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There's no right to violence

To the Editor:

In its Monday, September 30th editorial "MPD arrests limit freedom," the GW Hatchet erred when it claimed that the rights of last weekend’s anti-capitalist demonstrators were violated. The protection of the First Amendment does not extend to those who violate the rights of others.

Had the anti-capitalist demonstrators wanted to avoid mass arrests, they could have filed the proper permits with the police for the use of public land and conducted their affairs so as not to threaten the public safety. Instead, the anti-capitalist demonstrators attempted to seize the streets of Washington in order to commit acts of violence and disorder. Their actions included halting traffic, throwing smoke bombs and the vandalism of local businesses and private property. Such conduct is not an expression of freedom; it is its antithesis.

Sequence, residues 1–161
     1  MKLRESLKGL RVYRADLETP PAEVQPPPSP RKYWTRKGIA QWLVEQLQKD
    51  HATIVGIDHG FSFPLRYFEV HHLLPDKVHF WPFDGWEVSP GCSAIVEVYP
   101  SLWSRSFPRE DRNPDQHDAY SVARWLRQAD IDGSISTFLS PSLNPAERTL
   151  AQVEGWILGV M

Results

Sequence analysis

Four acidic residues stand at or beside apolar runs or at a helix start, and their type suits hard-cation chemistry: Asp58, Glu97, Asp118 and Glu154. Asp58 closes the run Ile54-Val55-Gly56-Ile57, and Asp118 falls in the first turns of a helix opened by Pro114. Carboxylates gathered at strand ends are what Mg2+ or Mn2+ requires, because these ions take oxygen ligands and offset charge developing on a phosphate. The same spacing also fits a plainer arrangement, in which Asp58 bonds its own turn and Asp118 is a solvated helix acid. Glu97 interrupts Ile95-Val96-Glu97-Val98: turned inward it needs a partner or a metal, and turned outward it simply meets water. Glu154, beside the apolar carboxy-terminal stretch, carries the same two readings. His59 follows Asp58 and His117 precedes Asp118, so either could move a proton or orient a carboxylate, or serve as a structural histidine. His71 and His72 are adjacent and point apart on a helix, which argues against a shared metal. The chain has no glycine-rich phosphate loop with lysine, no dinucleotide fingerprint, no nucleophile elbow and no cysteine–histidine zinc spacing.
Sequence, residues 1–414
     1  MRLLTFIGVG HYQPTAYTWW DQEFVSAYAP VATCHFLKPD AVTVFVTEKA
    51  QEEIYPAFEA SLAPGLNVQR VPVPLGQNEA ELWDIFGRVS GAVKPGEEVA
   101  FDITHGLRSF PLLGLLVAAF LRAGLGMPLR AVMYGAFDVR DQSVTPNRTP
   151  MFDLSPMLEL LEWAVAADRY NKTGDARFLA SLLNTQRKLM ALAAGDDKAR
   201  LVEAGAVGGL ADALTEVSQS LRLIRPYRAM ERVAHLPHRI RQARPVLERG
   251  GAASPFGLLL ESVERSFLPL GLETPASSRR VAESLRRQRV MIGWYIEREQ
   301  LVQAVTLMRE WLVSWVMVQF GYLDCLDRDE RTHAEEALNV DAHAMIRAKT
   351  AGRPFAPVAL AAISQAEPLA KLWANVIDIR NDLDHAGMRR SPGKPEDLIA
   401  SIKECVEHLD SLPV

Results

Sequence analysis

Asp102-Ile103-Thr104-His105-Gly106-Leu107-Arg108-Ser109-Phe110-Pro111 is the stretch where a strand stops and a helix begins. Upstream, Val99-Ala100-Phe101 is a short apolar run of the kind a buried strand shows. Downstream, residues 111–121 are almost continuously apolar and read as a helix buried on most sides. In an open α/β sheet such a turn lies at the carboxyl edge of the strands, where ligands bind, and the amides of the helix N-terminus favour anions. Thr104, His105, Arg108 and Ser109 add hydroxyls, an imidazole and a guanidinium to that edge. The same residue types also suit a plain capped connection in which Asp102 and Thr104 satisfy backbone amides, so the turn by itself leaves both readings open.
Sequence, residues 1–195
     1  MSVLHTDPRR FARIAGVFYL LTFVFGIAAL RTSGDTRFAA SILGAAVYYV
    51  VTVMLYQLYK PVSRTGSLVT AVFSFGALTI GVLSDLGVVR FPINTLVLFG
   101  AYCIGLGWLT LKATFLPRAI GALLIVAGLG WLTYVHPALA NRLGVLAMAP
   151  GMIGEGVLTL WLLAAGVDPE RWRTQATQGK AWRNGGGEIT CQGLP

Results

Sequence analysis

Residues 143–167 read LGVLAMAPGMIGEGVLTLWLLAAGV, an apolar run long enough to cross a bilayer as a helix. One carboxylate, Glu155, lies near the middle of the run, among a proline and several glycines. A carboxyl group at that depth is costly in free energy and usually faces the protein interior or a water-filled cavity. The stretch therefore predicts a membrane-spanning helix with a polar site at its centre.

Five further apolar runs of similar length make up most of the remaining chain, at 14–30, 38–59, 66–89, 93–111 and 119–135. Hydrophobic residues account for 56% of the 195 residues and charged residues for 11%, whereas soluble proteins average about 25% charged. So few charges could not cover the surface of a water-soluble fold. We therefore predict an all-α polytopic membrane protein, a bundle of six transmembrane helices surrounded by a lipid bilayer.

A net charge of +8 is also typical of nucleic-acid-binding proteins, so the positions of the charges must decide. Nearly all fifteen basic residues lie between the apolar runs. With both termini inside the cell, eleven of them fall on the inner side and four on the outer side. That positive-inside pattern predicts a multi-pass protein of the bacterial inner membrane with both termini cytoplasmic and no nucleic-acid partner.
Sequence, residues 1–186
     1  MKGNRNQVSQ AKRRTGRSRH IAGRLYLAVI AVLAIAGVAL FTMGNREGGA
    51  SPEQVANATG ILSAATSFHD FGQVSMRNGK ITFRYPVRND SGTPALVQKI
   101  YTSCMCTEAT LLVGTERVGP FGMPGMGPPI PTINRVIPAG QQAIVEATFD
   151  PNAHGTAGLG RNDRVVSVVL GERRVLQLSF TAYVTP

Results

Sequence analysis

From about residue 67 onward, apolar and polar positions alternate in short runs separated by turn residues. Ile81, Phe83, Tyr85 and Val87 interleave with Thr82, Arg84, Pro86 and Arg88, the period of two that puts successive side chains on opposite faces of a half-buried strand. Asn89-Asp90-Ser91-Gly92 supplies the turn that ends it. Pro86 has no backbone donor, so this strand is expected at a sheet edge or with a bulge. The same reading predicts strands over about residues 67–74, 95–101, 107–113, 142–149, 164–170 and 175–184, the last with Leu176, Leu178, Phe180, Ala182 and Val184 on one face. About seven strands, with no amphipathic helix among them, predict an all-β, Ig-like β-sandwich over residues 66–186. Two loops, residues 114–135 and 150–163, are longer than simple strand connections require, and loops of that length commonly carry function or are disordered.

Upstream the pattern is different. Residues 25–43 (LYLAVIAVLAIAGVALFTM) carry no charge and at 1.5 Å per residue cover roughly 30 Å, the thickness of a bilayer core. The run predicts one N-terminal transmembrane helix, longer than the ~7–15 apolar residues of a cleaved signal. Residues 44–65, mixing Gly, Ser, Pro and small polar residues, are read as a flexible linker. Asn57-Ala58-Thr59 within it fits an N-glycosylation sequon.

Yet despite the reckless and wanton conduct of the anti-capitalist demonstrators, the editors of the Hatchet blame the police for the arrests. And in a signed column, Hatchet editor Kate Stepan blames the police when Hatchet reporters were detained longer than their counterparts in the professional media because they failed to have the proper press permits to cross police lines. Her excuse: her staff’s press permits have been applied for, but not yet received. By her standard, any student journalist should be afforded the same treatment as the professional media, even in situations that threatens the public safety, just by the mere fact that they announce they are a student journalist.

The Hatchet should learn how to conduct its own affairs professionally and it should have condemned the fact that for all their lawlessness, the anti-capitalist demonstrators arrested by the police suffered no more than a day’s inconvenience and a trivial fine—approximately the same sanction as is levied for illegal parking.

Hundreds of groups each year hold peaceful demonstrations in Washington to communicate their positions and I myself have organized several successful rallies without incident. The anti-capitalist demonstrations are a different thing all together. That the anti-capitalist demonstrators suffer from thoughtlessness and a want of reflection is well known. That they have contempt for the rights and safety of others is also well known. That the Hatchet’s editors have joined with them in their illogic is tragic.


Nicholas Provenzo
The Center for the Advancement of Capitalism


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